- China’s e-sports market revenue grew 14% year-on-year in 2021 despite a tough regulatory environment.
- China remains the largest single-country market in the world with $403.1 million in e-sports revenue in 2021, Niko Partners said in a report published Thursday.
- China has introduced rules over the past year limiting the amount of time kids play online games.
- Regulators also freeze approvals of new titles for a few months.
Revenue for China’s e-sports market grew 14% year-on-year in 2021 despite a tough regulatory environment for gaming in the world’s second-largest economy, according to a new report from intelligence firm Niko Partners.
E-sports refers to professional gaming where gamers often play each other in big tournaments and fans watch via live streams.
China remains the largest single-country market in the world with $403.1 million in e-sports revenue in 2021, Niko Partners said in a report published Thursday.
“What China has [a] sort of advantage in the e-sports space, is a really phenomenally large market with a really huge population of gamers that are interested in e-sports content… in becoming e-sports professionals themselves,” Alexander Champlin, head e-sports at Niko Partners, told CNBC’s “Squawk Box Europe” on Thursday.
China continues to grow despite a tougher line on gaming from the regulators. Last year, Beijing introduced rules that limits the amount of time under 18s can play online video games — to up to three hours per week.
Chinese regulators also froze the approvals of new games for distribution and monetization between July 2021 and April this year.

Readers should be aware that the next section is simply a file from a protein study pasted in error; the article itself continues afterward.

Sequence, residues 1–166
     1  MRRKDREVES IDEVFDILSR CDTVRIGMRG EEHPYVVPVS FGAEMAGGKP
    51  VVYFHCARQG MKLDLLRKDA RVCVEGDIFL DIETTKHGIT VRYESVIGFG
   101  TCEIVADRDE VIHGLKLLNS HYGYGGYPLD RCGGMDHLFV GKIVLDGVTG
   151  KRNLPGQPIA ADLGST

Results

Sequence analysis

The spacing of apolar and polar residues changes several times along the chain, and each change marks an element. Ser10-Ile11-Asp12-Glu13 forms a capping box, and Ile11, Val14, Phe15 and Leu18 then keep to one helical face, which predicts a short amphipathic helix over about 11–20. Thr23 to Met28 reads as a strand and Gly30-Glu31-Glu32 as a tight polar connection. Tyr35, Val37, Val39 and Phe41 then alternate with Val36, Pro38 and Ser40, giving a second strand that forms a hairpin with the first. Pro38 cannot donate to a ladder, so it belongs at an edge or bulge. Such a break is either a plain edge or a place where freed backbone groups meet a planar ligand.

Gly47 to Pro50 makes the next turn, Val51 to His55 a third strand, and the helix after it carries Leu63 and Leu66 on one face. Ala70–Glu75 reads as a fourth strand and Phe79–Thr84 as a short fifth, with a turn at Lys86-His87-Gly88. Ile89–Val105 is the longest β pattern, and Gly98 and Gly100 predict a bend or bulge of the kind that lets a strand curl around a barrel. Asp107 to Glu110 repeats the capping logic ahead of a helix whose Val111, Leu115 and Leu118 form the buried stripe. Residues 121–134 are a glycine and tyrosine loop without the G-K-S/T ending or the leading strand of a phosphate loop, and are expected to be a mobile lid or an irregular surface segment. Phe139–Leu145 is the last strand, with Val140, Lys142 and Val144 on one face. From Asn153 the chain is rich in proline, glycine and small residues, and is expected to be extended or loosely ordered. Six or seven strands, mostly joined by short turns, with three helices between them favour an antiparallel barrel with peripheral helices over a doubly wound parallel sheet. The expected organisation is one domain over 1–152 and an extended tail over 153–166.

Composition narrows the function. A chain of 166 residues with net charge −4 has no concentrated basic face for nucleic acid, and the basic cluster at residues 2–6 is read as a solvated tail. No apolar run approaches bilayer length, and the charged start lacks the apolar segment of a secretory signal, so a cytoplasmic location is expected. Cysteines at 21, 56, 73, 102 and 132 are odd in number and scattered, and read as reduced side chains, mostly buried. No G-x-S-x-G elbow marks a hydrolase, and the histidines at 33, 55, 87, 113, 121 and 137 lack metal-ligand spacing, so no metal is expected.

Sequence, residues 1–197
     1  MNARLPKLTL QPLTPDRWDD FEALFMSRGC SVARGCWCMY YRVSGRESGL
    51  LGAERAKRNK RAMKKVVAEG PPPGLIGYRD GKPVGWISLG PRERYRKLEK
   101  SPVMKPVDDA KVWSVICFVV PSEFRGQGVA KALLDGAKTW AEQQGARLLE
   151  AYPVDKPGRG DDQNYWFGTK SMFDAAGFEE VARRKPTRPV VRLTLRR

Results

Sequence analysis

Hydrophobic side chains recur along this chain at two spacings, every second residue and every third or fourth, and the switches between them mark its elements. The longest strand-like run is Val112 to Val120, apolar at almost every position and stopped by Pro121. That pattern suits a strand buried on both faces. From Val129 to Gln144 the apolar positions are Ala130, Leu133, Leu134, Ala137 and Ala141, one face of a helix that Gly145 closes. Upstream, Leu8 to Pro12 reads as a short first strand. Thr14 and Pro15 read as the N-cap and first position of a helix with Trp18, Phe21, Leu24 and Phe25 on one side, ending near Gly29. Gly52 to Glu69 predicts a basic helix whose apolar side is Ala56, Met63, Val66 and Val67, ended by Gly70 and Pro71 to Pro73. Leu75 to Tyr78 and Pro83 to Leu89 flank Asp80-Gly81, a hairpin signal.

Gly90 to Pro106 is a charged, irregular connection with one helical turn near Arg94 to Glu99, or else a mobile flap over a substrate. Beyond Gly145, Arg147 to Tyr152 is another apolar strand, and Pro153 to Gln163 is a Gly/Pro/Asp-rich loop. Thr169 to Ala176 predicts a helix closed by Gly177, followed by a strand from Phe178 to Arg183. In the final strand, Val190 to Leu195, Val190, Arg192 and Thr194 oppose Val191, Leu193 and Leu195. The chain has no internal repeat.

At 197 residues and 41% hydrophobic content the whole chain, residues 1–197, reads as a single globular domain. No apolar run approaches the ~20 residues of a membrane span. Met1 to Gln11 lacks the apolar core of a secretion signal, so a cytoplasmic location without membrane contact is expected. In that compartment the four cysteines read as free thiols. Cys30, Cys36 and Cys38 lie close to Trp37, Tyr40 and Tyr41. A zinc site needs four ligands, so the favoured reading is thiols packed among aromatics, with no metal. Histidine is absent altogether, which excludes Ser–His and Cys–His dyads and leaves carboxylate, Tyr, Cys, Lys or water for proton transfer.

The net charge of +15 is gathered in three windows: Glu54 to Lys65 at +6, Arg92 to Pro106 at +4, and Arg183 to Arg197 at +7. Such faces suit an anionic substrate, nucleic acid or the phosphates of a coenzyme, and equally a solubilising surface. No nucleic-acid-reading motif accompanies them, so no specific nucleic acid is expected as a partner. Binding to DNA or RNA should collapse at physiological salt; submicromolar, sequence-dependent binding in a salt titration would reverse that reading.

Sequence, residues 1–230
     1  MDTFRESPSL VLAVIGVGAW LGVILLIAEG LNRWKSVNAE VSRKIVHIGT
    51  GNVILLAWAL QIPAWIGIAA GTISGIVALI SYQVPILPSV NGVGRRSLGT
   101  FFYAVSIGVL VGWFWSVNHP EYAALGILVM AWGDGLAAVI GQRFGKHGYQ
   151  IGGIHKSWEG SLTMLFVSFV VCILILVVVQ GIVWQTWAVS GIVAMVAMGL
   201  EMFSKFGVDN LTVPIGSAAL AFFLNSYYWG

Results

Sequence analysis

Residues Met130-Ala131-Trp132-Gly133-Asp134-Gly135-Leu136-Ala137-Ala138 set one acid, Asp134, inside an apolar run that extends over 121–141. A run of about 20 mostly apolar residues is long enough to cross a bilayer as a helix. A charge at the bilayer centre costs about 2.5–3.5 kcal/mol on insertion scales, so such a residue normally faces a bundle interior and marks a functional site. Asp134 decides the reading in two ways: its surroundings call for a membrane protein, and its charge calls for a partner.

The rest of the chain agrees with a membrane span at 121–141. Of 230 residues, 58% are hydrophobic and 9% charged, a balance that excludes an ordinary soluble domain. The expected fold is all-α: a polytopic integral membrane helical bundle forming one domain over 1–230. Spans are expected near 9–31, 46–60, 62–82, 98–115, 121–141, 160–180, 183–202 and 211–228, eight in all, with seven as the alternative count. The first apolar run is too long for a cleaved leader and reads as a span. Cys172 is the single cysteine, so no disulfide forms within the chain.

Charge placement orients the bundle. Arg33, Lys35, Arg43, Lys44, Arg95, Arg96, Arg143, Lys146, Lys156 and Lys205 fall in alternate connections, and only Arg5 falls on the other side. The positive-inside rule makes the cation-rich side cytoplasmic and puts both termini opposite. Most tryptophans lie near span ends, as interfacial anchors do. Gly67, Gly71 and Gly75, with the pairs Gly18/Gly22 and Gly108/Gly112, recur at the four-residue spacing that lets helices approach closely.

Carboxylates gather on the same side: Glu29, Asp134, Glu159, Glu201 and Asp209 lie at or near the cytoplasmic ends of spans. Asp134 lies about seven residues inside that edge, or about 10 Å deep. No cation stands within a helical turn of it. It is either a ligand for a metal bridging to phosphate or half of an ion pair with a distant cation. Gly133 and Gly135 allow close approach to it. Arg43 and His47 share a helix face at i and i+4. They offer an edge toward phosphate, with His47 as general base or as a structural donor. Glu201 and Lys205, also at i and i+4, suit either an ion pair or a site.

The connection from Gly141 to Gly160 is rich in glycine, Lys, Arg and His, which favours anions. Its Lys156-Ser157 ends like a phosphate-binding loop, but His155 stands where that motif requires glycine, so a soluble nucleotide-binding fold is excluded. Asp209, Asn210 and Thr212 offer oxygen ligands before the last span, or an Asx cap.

The impact has been felt by China’s biggest gaming companies NetEase and Tencent.
While the e-sports market has held up well, Champlin cautioned there could be some impact on the future of professional gaming in China.
“What these regulations do particularly around youth gaming is really kind of clamp down on e-sports player pipelines. So while there is still a lot of excitement around e-sports titles, e-sports celebrities, we’re a little concerned about what this will do for future generations of e-sports fans and e-sports professionals … and what this might do for China’s historical dominance in the space,” Champlin told CNBC.
Despite the broader crackdown on young people playing games, there appears to be government support for e-sports. Last year, the major city of Shanghai broke ground on a 500,000 square meters e-sports arena.
Japan and South Korea are the two other large markets in Asia for e-sports revenue.
While China continues to dominate, there are other regions and countries that are growing faster.
E-sports revenue in greater southeast Asia totaled $80.1 million in 2021, up 27.3% year-on-year. India saw e-sports revenue grow $20.3 million last year, a 26% rise over 2020.
“It’s [India] a huge market and it’s historically been undervalued as a sort of dollar-to-participant ratio,” Champlin said.
“What that means is as the purchasing power of Indians goes up, as the market is more heavily saturated by smartphones, the potential player base and audience base expands dramatically. What we are also seeing is a lot of investment from the key players in the Indian games market,” he added.
Credit: www.cnbc.com /